Peter Cook: We are, considerably. Many days, indeed months and years behind them. But we are however using the wonderful detection system known as the “Identikit.” Are you familiar with the Identikit?

Alan Bennett: Isn't that where you piece together the face of the criminal?

Peter Cook: Not entirely, no. We’re only able to piece together the appearance of the face of the criminal. We can’t actually piece together the face itself. I wish we could, of course, because once you’ve captured the criminal face, the other criminal parts aren’t hard to find. The criminal body is situated directly below the criminal face, joined of course by the criminal neck.

[video]

Monday

Jewish humor


Freud could not order blintzes. He was ashamed to say the word. He’d go into an appetizer store and say, “Let me have some of those crepes with cheese in the middle.” And the grocer would say, “Do you mean blintzes, Herr Professor?” And Freud would turn all red and run out through the streets of Vienna, his cape flying. Furious, he founded psychoanalysis and made sure it wouldn’t work.

Woody Allen

Thursday

The Writing Process


Letterman: Tell us a little about your book, A Crackup at the Race Riots.

(Harmony Korine starts laughing)

Letterman: This, by the way, is why they invented child-proof caps. Right here.

(Korine sits back)

Korine: It’s my first novel. I wanted to write a–

Letterman: Are you a novelist?

Korine: Yeah. (nodding)

Letterman: You’re a filmmaker, I guess it doesn’t make any difference, you’re just a creative entity.

Korine: I just work a lot and (shrugs) I wanted to write the great American novel. Or a novel. I just wanted it to be American.

April 3, 1998

Wednesday

Sunday

The Writing Process


That if Poetry comes not as naturally as the leaves to a tree it had better not come at all.

Keats

Thursday

Death by Water



Piranha (1978)

Wednesday

The Writing Process


I am going to be rather hard-nosed and say that if you have to find devices to coax yourself to stay focused on writing, perhaps you should not be writing what you’re writing. And if this lack of motivation is a constant problem, perhaps writing is not your forte. I mean, what is the problem? If writing bores you, that is pretty fatal. If that is not the case, but you find that it is hard going and it just doesn’t flow, well, what did you expect? It is work; art is work.

Ursula Leguin

Monday

The Writing Process


I am of the firm belief that everybody could write books, and I never understand why they don’t. After all, everyone speaks. Once the grammar has been learnt, it is simply talking on paper and in time learning what not to say.

Beryl Bainbridge

Friday

I just can’t get enough ice.


Some people watch the television, but when I have trouble sleeping at night I mostly just look at ice cubes.

Harmony Korine

Wednesday

I used to work in Häagen-Dazs


with a guy who jerked off in the cappuccino ice cream. Whenever I had to do a shift with him, he had this sly, relaxed grin on his face. It was very hard to get comfortable.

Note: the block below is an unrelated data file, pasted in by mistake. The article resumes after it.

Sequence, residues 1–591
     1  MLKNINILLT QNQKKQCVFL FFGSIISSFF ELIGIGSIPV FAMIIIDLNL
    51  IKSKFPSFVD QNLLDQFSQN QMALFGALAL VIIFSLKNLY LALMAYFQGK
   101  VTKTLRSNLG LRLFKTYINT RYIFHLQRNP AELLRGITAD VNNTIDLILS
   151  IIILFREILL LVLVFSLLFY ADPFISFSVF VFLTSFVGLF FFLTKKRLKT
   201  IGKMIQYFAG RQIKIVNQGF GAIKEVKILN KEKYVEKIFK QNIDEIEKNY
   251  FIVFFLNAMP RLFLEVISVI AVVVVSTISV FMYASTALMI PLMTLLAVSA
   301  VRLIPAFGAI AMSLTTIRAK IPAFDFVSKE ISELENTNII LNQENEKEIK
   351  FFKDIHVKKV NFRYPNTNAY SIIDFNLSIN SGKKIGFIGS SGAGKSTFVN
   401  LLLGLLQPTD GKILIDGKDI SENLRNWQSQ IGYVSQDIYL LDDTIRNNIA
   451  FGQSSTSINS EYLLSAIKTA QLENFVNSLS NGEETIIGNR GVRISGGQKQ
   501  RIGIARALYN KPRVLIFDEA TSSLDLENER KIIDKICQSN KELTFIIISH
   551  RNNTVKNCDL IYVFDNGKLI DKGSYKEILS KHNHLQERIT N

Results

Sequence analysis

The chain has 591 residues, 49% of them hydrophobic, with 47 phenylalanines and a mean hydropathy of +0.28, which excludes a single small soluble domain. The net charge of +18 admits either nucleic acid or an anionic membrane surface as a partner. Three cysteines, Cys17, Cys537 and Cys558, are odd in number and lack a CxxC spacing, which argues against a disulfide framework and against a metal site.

Harmony Korine

Monday

Albinos blink in the sun,


boys sit in trees languidly masturbating, people eaten by unknown diseases spit at passersby and bite them and throw pus and scabs and assorted vectors (insects suspected of carrying disease) hoping to infect somebody.

The Yage Letters

Thursday

books = trash


Not long after his memoir came out, Kermode moved house. Boxes of books and manuscripts awaited the movers, piles of trash the refuse collectors. Unfortunately, the refuse collectors arrived first and Kermode mistook them for the movers. They carted off and compacted a substantial part of his library.

review of Pieces of My Mind by Frank Kermode

Tuesday

books = trash


Dearest Max, my last wish:

Everything that I leave behind in the way of diaries, manuscripts, letters of my own and from others, drawing, etc. (whether in my bookcase, clothes cupboard, writing desk at home or at the office, or in any other place anything may have gotten and you find it) should be burned, completely and unread, as should everything written or drawn in your possession or in the possession of others whom you should ask, in my name, to do likewise. People who do not want to hand over letters to you should at least be made to promise that they themselves will burn them.
Yours, Franz Kafka.

Sunday

books = trash


It is possible to take too many notes; the task of sorting, filing and assimilating them can take for ever, so that nothing gets written.

The awful warning is Lord Acton, whose enormous learning never resulted in the great work the world expected of him. An unforgettable description of Acton’s Shropshire study after his death in 1902 was given by Sir Charles Oman. There were shelves and shelves of books, many of them with pencilled notes in the margin. “There were pigeonholed desks and cabinets with literally thousands of compartments into each of which were sorted little white slips with references to some particular topic, so drawn up (so far as I could see) that no one but the compiler could easily make out the drift.” And there were piles of unopened parcels of books, which kept arriving, even after his death. “For years apparently he had been endeavouring to keep up with everything that had been written, and to work their results into his vast thesis.”